*Use (or previous use) of SSRI antidepressants [ [http://www.blackwell-synergy.com/doi/abs/10.1111/j.1743-6109.2007.00630.x "Persistent Sexual Dysfunction after Discontinuation of Selective Serotonin Reuptake Inhibitors"] By Csoka et al., Journal of Sexual Medicine 5 (1) , 227–233; URL accessed 2008-02-28]
*Fatigue
*Physical illness

A urological examination and blood tests can determine the cause of a specific case of sexual anhedonia.

Patients may be prescribed sustained-release bupropion to aid in treatment, because bupropion has been shown to increase sexual desire and intensity of orgasm.Fact|date=February 2007

ee also

*Dysthymia
*Clinical depression

References

External links

* [http://www.mcmanweb.com/no_pleasure.html No Pleasure, No Reward]
* [http://www.hisandherhealth.com/cgi-bin/ubb_newshe/ultimatebb.cgi?ubb=get_topic;f=7;t=000324;p=0 Discussion of male orgasmic dysfunction (ejaculation without orgasm) on the Sexual Health Forums of HisandHerHealth.com]


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  • Anhedonia — Saltar a navegación, búsqueda La anhedonia es la incapacidad para experimentar placer, la pérdida de interés o satisfacción en casi todas las actividades. Se considera una falta de reactividad a los estímulos habitualmente placenteros. Constituye …   Wikipedia Español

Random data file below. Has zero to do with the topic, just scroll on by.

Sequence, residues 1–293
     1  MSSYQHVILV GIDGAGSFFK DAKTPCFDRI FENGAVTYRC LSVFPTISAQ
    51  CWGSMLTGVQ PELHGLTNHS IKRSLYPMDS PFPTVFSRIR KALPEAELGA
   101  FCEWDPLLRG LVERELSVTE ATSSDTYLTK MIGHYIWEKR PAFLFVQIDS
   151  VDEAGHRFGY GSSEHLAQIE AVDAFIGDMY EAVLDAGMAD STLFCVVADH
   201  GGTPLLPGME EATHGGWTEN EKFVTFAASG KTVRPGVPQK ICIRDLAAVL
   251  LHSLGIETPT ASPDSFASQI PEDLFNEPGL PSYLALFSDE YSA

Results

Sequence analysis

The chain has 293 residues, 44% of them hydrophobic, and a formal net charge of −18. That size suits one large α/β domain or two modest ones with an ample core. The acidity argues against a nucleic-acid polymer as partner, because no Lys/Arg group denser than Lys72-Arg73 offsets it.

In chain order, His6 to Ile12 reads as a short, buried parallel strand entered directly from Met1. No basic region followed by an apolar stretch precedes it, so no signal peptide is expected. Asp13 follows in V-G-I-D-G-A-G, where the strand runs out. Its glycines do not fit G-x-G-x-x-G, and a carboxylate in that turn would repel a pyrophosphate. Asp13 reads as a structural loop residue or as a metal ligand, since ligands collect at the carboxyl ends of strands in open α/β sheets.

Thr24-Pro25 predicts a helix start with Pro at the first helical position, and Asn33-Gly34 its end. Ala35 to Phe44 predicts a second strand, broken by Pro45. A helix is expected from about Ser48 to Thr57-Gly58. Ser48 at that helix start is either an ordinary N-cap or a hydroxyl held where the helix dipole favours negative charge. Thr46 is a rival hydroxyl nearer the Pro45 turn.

• anhedonia — pérdida de la sensación de placer en los actos que usualmente lo producen, en particular el acto sexual [ICD 10: F52.1] Diccionario ilustrado de Términos Médicos.. Alvaro Galiano. 2010. anhedonia Incapacidad para …   Diccionario médico

  • anhedonia — (n.) inability to feel pleasure, 1897, from Fr. anhédonie, coined 1896 by French psychologist Theodule Ribot (1839 1916) as an opposite to ANALGESIA (Cf. analgesia), from Gk. an , privative prefix (see AN (Cf. an ) (1)), + hedone pleasure (see… …   Etymology dictionary

  • anhedonia — [an΄hē dō′nē ə, an΄hēdōn′yə] n. [Fr anhédonie < Gr an , not + hēdonē, pleasure] a psychological condition marked by an inability to experience pleasure anhedonic [an΄hēdän′ik] adj., n …   English World dictionary

  • Anhedonia —    (1896 and later)    Although loss of interest in pleasure had always been seen as one of the symptoms of depression, it was only in 1896 that Théodule Armand Ribot (1839–1916), professor of experimental psychology at the University of Paris,… …   Historical dictionary of Psychiatry

  • Anhedonia — Loss of the capacity to experience pleasure. The inability to gain pleasure from normally pleasurable experiences. Anhedonia is a core clinical feature of depression, schizophrenia, and some other mental illnesses. An anhedonic mother finds no… …   Medical dictionary

  • anhedonia — noun /ˌan.hɪˈdəʊ.nɪə,ˌæn.hiˈdoʊ.ni.ə/ The inability to feel pleasure. Sometimes it is mere passive joylessness and dreariness, discouragement, dejection, lack of taste and zest and spring. Professor Ribot has proposed the name anhedonia to… …   Wiktionary

  • anhedonia — noun Etymology: New Latin, from 2a + Greek hēdonē pleasure more at hedonism Date: 1897 a psychological condition characterized by inability to experience pleasure in normally pleasurable acts • anhedonic adjective …   New Collegiate Dictionary

  • anhedonia — anhedonic /an hee don ik/, adj. /an hee doh nee euh/, n. Psychol. lack of pleasure or of the capacity to experience it. [1895 1900; < Gk an AN 1 + hedon(é) pleasure + ia IA] * * * …   Universalium

  • anhedonia — n. condition resulting in an inability to experience pleasure (Psychology) …   English contemporary dictionary